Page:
I don’t know much about the raft ride for Africa. I’m guessing it was because Dick Nunis really, really, really, really, really, really wanted to get a thrill ride into EPCOT. Not only did this really gum up the works for both ‘Life & Health’ and ‘Space’, it also meant that every WS pavilion had something thrown their way. Eisner too wanted a thrill ride, because, you know, Epcot was a boring place that typical mouth-breathing cousin marrying WalMart shopping guest just couldn’t understand. That still didn’t mean he would pay for one.

    We’ve all seen the renderings for the Mt. Fuji roller coaster & indoor shopping Ginza District (to have been sponsored by retailer that has the big store in Japan and/or Fuji Film had Kodak bitten the dust) and the Nestle sponsored Matterhorn that would have gone half a dozen different places. The American Adventure almost got a ‘County Fair’ expansion with all sorts of carnival rides. I had heard there was one pitch to reimagine the old ‘Rhine River Cruise’ concept into a rapids ride as well. I’m supposing an African Raft ride would have been a way to both get a thrill ride and Equatorial Africa built at the same time.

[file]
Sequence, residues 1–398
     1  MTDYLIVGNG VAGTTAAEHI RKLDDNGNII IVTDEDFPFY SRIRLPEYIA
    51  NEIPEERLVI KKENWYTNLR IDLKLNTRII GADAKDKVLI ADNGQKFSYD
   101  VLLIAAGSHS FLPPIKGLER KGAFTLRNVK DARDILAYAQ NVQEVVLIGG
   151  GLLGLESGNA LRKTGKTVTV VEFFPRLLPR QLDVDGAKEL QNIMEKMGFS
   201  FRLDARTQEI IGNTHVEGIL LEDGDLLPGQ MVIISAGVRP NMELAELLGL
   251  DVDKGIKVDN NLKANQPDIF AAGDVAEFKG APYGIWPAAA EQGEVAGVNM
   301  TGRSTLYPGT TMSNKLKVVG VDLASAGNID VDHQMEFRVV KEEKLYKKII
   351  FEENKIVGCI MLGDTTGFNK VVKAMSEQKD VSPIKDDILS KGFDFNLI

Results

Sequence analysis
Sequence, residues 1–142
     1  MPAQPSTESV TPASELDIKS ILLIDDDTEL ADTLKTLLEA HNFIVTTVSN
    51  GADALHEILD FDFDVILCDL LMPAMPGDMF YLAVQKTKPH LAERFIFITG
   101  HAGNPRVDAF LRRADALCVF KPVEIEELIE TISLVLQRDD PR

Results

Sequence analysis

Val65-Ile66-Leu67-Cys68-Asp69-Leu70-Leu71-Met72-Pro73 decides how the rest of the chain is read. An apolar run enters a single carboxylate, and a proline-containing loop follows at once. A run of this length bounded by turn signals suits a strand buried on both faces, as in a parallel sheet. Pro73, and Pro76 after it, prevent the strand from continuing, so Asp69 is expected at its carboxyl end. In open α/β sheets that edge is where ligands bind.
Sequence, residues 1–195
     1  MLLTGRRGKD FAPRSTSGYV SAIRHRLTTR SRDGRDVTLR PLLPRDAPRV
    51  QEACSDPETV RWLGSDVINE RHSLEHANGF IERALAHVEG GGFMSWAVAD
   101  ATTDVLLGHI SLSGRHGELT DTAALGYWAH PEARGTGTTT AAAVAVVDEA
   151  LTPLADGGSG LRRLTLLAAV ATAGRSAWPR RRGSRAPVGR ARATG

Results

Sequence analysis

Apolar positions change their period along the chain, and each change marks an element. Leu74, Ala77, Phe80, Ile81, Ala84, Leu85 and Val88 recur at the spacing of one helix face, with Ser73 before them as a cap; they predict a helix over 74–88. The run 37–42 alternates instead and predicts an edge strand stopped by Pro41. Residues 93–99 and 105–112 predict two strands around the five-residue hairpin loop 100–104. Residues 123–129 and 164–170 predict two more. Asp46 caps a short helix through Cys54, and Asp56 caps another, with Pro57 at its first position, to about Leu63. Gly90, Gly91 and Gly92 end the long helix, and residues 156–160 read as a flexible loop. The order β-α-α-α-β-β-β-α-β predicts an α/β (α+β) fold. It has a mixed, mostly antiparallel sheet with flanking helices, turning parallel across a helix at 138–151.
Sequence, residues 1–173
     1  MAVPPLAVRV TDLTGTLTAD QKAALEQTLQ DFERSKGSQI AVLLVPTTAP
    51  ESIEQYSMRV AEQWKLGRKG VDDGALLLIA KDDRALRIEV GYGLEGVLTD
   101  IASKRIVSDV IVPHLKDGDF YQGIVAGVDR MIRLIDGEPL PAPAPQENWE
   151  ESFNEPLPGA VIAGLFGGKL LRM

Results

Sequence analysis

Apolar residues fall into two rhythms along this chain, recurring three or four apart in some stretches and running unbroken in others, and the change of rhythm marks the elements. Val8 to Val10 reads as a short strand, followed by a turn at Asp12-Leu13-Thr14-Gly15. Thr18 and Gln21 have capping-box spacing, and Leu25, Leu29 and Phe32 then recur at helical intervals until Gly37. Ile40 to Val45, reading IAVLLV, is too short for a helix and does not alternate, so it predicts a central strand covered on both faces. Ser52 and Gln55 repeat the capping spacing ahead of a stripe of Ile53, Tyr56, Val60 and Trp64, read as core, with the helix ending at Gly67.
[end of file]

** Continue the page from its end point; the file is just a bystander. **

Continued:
WED/WDI used to generate a constant stream of ideas. If you dig deep enough you can find all kinds of amazing things. For example, I remember seeing a show model of redressing Disneyland’s ‘Adventure Thru Inner Space’ as a ride-shooter themed to soon-to-be-released ‘The Black Hole’. Then later another model that did the same thing with ‘Tron’. And still later a generic “shoot the robots” attraction. The concept behind ‘Buzz Lightyear’ ain’t been new for thirty years.

    As for the Boardwalk – you almost had a Ferris Wheel and a wooden roller coaster to block your view of Fish and Bird hotels. I don’t know if that would have been an improvement.